The following is what I observe in the best educators; it is what I strive for.


  • be on the entire time they’re around students
  • be with it. Almost all-seeing in their observation of who’s acting out, who’s fading into the background, who’s losing interest quickly, and who needs a little extra attention.
  • be quick on their feet. Always ready to turn any situation into a positive one. Quick diagnosis of bad situations, why someone may be acting a certain way, and act quickly to remedy it and/or turn it into a teaching opportunity.
  • have their wheels always spinning – always asking (even in the moment) how can I make the lesson better? Quick and accurate assessments of interest level, experience and skill level, frustration level, excitement level, level of comprehension, and levels of true learning.
  • always be prepared. Plans, back-up plans, plans A thru F, and fall-back plans.
  • be educators, mentors, role models, psychologists, sociologists, demonstrators, administrators, janitors, mediators, diplomats, cheerleaders, tutors, coaches, supporters, friends, a guiding force. (a guiding light, if you’re lucky enough to get to that point.)
  • have a steady hand, a steady gaze, a steady character. Students must know that what they expect of you is met, and consistently.
  • be clear and fair. Students must know what is expected of them and understand the structure of the day. Examples, models, guided experiential learning.
  • be respectful of diversity of students’ personalities, learning styles, interests, situations, backgrounds, and the students themselves.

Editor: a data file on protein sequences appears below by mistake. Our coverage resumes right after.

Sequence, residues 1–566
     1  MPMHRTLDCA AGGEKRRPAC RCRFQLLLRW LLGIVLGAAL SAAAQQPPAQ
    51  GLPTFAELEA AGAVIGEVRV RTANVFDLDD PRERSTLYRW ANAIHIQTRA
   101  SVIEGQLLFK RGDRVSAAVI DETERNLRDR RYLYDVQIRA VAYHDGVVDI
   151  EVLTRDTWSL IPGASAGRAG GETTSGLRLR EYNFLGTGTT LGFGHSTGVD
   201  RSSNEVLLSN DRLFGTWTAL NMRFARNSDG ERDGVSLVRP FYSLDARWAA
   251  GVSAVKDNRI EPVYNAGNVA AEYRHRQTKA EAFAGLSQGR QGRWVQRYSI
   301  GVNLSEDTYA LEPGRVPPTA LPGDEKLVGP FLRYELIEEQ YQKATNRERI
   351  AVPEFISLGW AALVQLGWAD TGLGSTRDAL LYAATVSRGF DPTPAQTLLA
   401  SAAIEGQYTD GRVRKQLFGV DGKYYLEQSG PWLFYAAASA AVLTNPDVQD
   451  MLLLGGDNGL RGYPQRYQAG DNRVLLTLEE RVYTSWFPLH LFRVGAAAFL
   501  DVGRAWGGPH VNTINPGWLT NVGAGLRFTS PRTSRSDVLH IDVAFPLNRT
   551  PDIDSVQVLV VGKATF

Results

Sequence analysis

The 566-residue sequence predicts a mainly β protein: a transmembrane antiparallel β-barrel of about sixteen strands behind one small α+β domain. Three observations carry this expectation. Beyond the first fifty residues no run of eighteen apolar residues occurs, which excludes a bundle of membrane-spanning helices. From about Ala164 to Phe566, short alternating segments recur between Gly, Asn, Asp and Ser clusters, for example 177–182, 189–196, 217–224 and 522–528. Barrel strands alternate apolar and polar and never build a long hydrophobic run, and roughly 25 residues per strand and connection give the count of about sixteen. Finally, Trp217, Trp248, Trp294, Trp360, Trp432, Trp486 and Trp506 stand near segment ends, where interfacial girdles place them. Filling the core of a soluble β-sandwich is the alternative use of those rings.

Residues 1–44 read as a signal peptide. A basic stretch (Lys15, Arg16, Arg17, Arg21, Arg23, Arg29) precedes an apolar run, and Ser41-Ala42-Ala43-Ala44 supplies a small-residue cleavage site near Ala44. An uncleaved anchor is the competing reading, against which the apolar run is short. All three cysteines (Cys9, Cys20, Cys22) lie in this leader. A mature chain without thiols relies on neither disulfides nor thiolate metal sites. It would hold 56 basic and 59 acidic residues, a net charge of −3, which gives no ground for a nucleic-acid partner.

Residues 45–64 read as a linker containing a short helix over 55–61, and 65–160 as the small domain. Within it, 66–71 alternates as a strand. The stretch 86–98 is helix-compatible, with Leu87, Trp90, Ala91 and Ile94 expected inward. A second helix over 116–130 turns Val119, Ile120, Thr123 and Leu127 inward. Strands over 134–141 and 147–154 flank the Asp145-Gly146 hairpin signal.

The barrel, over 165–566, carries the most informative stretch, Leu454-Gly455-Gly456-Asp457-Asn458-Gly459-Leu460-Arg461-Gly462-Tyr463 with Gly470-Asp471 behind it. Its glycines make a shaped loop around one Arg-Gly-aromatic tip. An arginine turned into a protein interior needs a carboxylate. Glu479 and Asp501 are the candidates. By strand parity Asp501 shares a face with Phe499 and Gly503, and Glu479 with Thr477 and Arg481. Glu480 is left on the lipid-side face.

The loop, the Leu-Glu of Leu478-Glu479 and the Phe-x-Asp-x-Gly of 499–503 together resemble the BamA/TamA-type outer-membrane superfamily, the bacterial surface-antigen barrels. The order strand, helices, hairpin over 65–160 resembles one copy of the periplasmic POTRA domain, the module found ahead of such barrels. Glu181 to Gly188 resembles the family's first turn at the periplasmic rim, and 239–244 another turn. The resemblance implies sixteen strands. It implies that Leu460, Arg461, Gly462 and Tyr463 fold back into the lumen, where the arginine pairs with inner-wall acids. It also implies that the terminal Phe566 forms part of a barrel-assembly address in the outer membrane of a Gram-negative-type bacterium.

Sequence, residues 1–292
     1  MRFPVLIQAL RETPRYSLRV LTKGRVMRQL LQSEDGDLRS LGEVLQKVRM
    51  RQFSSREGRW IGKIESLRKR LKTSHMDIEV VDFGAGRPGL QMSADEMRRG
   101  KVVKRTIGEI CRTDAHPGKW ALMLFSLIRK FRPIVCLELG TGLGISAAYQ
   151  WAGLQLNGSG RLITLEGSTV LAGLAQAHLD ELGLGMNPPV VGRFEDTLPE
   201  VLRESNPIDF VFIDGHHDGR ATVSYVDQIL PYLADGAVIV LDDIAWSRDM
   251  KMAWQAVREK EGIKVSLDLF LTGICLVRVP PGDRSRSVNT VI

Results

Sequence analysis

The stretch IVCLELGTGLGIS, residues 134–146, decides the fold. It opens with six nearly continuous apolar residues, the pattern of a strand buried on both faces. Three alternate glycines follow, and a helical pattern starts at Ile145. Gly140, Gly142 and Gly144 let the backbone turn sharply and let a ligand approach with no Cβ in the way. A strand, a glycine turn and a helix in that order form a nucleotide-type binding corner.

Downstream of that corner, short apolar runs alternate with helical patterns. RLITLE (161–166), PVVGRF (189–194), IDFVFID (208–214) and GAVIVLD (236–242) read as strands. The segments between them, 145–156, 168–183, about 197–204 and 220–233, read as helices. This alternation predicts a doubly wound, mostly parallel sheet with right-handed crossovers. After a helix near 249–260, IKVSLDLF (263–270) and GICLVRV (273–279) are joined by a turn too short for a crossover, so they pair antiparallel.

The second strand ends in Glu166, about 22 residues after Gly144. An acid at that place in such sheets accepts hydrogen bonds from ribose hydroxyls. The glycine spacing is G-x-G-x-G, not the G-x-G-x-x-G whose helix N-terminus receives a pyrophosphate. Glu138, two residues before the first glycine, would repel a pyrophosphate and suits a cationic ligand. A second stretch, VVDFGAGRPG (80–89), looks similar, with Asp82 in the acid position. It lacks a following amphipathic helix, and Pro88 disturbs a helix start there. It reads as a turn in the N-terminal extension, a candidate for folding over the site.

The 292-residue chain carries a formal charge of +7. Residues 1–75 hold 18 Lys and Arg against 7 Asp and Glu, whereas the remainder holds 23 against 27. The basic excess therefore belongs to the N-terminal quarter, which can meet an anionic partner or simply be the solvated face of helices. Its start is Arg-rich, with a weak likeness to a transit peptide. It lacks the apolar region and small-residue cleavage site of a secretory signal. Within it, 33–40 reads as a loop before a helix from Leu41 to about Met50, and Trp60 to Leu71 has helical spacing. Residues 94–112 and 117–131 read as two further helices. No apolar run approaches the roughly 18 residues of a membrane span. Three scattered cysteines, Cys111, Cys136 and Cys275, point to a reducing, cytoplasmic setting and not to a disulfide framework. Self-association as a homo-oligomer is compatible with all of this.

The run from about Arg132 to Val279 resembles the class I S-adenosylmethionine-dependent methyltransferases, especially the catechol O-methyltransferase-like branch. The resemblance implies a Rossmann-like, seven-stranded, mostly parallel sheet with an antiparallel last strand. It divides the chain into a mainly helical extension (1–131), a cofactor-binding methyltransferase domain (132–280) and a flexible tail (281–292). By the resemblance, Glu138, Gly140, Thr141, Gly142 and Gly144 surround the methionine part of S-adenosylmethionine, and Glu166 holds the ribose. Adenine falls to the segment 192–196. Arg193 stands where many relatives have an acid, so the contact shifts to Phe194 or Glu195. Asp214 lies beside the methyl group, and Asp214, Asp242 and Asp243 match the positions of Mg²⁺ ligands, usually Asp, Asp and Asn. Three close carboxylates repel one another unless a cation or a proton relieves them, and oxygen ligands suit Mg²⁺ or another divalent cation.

• be positive
  • respect the student’s opinions, voice, choices, and the need to voice his/her choices.
  • skeptical yet not cynical
  • be everything they want their students to be. Nice, respectful, hardworking, engaged and engaging, serious yet fun-loving, grateful, curious, mindful, citizens, analytical, appropriate, patient, tolerant, gracious, ethical, enthusiastic, hopeful, brave, honest, balanced, healthy, willing to try new things, always striving for challenges, willing to fail and to learn from failure, et. al.
  • be always conscious that students (and teachers) are striving to do things for their true rewards (accomplishment, ethics, a self-written code) rather than candy or coolness or “because we said so.” (Level VI, Rafe Esquith)
  • be strong, flexible, and quick.
  • be students themselves. The steep learning curve at the beginning will eventually flatten out, but even then, we must always be striving to learn more and to continue learning from experience and from the students.
  • create sustainable models of education and self-learning within one’s own classroom, for the public education system as a whole, and within students. If a teacher can help a student create and nurture his/her own self-learning and life-long curiosity, that is the best we can do.
  • unabashedly and unapologetically enthusiastic
  • engage the community and his/her students. Reach out, connect, re-connect, and make those connections ever stronger. It does take a village. There’s work to be done to reestablish the ties that live in our ancestor’s memories as vital life forces.

Preparing to be a teacher, learning to be a teacher, and being a teacher… it will make me work on improving my worst traits, and it will make me face my greatest fears. In some ways, it is merely a road to becoming my best self. But that is only a side benefit. The gift of focusing on others’ growth and learning will, of course, increase your own growth and learning, which will then enhance others’ growth and learning, which will, of course…you get the idea.

Time to fly.